It’s a lot less shocking now when someone proclaims that former Research in Motion Ltd. customers are edging away from the failing brand than it was, say, five years ago. Still, the fact that 75 per cent of popular gadget enthusiast site Drippler’s audience are planning to drop their Blackberry’s like they’re on fire is worth noting.
Matan Talmi, founder of Drippler.com, said the data was culled from the one million users of the site. Users of Drippler get custom news, rumours and update feeds after picking which devices they have and which ones they want. Based on that data, Talmi concluded that 75 per cent of the Blackberry-owning enthusiasts who visit his site plan to pick up a Windows Phone, Android or iPhone handset when they have to replace their phone. “Some are thinking about it, interested in getting rumours about a few models in some cases,” he said. “(They’re) thinking about getting the iPhone 5 or the next Galaxy S 3.”
Info-Tech Rearch Group Inc. analyst, Mark Tauschek said these results are unsurprising and reflect the same results as multiple studies in the past year. “We’re seeing signs of it everywhere,” he said. “I’ve been talking about it for around a year.” Tauschek pins the uncertainty on a multitude of problems. “We’re going to be waiting for BB OS 10, or QNX 10, or whatever they’re calling it these days…until the latter half of the year,” he said. “And, of course, all the talk and speculation going on right now about others either buying them outright or licensing their intellectually property doesn’t help.”
While RIM’s stock prices may have seen an uptick from all of the buyout rumours, Taushek said it hasn’t helped customer faith at all.
According to a Neilson report this week, during the Christmas rush of the past three months, despite multiple new Blackberry handsets entering the market, RIM took home just six per cent market share in the U.S. That’s even lower than its overall market share in the States, which Neilson reports as being 14.9 per cent.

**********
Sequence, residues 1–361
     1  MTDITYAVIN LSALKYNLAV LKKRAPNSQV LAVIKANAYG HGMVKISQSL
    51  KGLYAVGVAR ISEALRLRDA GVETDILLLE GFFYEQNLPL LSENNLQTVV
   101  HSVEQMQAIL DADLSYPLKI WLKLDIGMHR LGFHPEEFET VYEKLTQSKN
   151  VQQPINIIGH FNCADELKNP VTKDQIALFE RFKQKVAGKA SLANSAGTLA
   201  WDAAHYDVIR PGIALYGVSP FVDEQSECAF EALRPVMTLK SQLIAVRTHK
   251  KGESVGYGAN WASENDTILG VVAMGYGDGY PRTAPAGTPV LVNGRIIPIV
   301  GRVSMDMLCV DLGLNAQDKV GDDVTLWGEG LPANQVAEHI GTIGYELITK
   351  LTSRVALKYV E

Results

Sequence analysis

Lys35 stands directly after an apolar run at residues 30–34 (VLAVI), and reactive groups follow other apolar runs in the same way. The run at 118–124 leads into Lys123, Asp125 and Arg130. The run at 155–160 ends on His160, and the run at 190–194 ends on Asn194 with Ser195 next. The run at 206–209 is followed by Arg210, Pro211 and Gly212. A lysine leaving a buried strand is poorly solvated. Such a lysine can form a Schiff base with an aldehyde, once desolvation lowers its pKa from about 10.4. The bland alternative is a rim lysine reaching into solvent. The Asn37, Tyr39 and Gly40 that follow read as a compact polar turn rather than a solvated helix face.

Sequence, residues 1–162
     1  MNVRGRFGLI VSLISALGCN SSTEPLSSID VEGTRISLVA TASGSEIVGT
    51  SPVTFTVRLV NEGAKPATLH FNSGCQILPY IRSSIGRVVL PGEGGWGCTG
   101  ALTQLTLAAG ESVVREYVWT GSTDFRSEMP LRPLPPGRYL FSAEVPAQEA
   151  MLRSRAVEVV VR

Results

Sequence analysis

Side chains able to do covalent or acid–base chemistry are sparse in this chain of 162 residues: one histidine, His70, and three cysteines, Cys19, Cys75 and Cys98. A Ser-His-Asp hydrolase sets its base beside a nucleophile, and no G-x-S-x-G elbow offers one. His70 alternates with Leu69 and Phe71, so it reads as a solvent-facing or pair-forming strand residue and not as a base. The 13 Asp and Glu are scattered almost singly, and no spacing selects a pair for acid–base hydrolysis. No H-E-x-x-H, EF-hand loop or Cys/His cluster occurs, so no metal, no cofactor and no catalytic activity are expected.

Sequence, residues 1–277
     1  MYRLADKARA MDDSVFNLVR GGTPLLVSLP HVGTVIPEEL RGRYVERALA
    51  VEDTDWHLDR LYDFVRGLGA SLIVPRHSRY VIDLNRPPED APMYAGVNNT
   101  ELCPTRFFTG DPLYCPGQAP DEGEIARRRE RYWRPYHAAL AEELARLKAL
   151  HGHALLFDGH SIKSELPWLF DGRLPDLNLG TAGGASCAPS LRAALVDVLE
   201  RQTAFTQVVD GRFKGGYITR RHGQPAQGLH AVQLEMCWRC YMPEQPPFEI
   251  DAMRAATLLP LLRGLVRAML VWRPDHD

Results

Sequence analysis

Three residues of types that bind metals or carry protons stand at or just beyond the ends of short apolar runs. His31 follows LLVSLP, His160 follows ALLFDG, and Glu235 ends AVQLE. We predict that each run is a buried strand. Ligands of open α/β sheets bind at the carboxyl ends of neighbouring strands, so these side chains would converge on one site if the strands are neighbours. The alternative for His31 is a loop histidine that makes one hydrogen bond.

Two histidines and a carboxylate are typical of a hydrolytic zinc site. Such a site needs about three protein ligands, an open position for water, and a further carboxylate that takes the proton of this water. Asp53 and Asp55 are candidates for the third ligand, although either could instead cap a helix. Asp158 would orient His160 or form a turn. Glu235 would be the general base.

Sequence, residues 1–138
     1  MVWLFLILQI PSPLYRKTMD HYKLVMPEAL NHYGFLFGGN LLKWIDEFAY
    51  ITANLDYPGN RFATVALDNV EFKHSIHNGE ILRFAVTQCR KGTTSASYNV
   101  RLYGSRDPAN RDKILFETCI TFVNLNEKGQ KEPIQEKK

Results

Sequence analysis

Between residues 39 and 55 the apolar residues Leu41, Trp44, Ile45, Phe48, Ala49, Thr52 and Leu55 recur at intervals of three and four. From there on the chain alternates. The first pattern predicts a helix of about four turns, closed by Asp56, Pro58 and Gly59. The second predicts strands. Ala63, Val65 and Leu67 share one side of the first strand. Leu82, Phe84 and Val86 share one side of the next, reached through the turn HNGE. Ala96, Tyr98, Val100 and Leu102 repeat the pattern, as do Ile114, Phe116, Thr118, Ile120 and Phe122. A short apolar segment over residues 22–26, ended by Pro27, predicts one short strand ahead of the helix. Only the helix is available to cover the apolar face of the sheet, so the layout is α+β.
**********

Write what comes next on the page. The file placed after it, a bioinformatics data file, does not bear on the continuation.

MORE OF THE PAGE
Talmi said that Drippler’s statistics are also important because enthusiasts aren’t just buying gadgets, they’re telling their friends what to buy, too. “These are the guys that tell their friends what phone to get next.”
On top of this, Blackberry’s one hold-out in the past, BBM, is proving not to be a factor at all going forward. Both Talmi and Tauschek said that, with so many free options, like WhatsApp and Kik, and iOS’s iMessage, it’s no longer a bullet point for RIM to hang its hat on. “If you can message instantly, for free, with delivery notifications and conversations with anyone who has an iPhone, that’s really BBM,” Tauschek said.
That said, Drippler’s study, unlike others, does have some hope. While 75 per cent of current users want to switch, there is still the other 25 per cent who want to re-up Blackberry. Talmi puts this stat down to gadget geeks who are unfailingly loyal. “I think the explanation to that is that there are users that are really brand advocates,” he said. “They really love their BlackBerry and are not likely to want to switch.” It may not be the silver lining that RIM is looking for, but it also points out that the exodus may be happening, but it’s not everyone.